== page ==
Field glaciologist Alun Hubbard has been leading research expeditions on the Greenland ice sheet for decades and has seen “gobsmacking changes.” But the last few years have been particularly unnerving.

The Greenland ice sheet is now so out of balance with the warming climate, it will lose enough ice to raise sea level at least 10 inches – even if greenhouse gas emissions ended today, he writes. His latest study, published Monday, lays out the disturbing risks ahead. Hubbard took time during a break in Uummannaq, Greenland, to describe what he’s seeing across the ice sheet and what it means for the rest of the world.

Also today:

Stacy Morford

Environment + Climate Editor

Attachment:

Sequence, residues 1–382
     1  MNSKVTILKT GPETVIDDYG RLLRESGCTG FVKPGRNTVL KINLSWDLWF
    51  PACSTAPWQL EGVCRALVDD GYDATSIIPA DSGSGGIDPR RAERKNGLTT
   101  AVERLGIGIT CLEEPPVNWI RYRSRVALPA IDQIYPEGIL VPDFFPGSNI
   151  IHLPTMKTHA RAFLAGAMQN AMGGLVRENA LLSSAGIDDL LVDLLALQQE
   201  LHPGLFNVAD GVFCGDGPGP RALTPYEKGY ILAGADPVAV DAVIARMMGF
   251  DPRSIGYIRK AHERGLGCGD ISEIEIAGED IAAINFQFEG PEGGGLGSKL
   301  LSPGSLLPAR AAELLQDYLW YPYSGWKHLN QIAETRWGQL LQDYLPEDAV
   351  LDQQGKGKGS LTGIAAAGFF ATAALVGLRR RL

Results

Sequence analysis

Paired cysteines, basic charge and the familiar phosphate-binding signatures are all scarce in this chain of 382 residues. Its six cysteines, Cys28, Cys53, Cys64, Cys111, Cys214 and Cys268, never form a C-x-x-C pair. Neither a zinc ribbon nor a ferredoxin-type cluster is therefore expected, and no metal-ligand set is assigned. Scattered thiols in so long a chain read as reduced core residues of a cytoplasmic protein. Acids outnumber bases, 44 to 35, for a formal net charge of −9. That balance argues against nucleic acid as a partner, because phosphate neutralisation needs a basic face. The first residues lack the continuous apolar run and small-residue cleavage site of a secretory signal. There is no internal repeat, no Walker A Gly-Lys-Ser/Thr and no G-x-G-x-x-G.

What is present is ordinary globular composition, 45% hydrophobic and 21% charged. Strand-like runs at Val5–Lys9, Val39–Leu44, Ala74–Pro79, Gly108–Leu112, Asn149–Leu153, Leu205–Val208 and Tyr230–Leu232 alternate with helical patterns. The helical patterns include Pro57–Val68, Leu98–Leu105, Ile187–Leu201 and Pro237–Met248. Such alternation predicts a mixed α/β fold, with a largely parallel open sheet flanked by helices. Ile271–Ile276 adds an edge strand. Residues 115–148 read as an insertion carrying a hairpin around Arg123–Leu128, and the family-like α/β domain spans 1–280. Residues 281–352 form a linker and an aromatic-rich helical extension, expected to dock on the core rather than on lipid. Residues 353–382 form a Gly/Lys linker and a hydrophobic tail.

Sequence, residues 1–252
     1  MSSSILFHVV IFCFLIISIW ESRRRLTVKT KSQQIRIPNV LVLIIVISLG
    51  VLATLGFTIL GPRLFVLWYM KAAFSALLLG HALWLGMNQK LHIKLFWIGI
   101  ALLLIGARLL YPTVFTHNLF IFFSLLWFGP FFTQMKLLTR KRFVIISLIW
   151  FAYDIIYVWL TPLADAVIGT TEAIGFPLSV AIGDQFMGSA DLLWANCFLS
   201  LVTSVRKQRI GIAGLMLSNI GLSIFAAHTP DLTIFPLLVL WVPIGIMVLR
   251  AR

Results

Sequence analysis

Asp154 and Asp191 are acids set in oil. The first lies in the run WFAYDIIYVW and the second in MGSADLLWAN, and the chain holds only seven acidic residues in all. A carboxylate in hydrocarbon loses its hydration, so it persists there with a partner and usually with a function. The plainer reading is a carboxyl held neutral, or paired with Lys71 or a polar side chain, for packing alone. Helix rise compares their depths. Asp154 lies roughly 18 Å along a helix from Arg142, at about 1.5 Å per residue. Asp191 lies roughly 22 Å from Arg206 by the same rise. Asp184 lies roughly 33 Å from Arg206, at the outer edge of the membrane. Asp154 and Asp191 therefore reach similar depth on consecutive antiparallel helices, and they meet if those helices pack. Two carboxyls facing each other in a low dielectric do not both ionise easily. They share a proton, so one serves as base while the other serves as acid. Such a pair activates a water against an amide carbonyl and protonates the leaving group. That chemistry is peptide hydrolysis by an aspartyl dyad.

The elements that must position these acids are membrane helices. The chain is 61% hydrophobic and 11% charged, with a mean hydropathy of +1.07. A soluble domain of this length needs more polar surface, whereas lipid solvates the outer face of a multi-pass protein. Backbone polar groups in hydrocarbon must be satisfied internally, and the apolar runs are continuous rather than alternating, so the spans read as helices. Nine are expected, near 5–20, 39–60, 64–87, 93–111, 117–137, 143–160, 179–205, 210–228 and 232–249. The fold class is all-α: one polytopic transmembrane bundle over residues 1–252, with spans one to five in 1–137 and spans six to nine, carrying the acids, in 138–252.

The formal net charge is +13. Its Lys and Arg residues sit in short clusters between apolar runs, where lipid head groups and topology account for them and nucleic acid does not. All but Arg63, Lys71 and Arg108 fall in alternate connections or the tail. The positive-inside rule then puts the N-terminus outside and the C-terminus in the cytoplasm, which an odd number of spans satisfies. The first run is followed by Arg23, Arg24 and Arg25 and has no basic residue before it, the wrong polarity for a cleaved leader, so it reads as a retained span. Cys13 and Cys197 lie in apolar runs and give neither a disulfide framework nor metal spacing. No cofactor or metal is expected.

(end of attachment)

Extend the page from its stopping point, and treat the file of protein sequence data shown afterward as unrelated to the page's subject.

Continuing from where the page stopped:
A turbulent melt-river pours a million tons of water a day into a moulin, where it flows through the subglacial environment to ultimately reach the ocean. Ted Giffords

What’s going on with the Greenland ice sheet? It’s losing ice faster than forecast and now irreversibly committed to at least 10 inches of sea level rise

Alun Hubbard, University of Tromsø

A field glaciologist explains the changes scientists are now seeing.

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